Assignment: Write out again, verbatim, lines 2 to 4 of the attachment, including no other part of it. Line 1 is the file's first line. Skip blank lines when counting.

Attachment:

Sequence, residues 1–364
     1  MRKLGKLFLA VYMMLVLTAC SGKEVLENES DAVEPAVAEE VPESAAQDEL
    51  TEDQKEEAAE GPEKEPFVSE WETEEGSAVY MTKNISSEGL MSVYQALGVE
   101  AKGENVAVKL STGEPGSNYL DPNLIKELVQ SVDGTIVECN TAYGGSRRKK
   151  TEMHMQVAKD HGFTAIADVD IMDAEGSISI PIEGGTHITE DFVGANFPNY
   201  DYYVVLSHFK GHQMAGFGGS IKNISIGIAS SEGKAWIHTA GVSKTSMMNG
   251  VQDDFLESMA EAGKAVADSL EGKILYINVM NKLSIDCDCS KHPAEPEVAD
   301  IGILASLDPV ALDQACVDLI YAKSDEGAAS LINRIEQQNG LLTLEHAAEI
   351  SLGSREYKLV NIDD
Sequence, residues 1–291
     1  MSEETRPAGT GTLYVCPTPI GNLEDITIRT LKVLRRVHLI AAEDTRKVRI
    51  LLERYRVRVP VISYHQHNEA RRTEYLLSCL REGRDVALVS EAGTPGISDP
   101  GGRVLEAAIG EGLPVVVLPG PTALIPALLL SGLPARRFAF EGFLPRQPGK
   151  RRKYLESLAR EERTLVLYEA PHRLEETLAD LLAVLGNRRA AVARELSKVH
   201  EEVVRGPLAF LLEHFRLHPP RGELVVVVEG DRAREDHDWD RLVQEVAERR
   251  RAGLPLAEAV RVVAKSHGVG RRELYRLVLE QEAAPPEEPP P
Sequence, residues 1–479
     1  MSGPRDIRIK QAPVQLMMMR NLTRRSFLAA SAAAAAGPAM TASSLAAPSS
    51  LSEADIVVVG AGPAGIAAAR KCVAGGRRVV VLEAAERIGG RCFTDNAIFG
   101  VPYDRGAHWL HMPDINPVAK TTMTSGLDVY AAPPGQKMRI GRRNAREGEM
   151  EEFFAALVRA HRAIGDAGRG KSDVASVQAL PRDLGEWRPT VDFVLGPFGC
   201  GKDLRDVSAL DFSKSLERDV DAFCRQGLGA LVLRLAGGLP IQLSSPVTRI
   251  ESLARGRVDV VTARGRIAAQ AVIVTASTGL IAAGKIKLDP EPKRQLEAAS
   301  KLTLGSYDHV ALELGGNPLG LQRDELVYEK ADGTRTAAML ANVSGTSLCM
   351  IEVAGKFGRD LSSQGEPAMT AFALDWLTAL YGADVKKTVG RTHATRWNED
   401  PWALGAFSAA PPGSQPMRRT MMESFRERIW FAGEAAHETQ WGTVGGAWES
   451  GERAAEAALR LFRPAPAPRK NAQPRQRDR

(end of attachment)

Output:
     1  MRKLGKLFLA VYMMLVLTAC SGKEVLENES DAVEPAVAEE VPESAAQDEL
    51  TEDQKEEAAE GPEKEPFVSE WETEEGSAVY MTKNISSEGL MSVYQALGVE
   101  AKGENVAVKL STGEPGSNYL DPNLIKELVQ SVDGTIVECN TAYGGSRRKK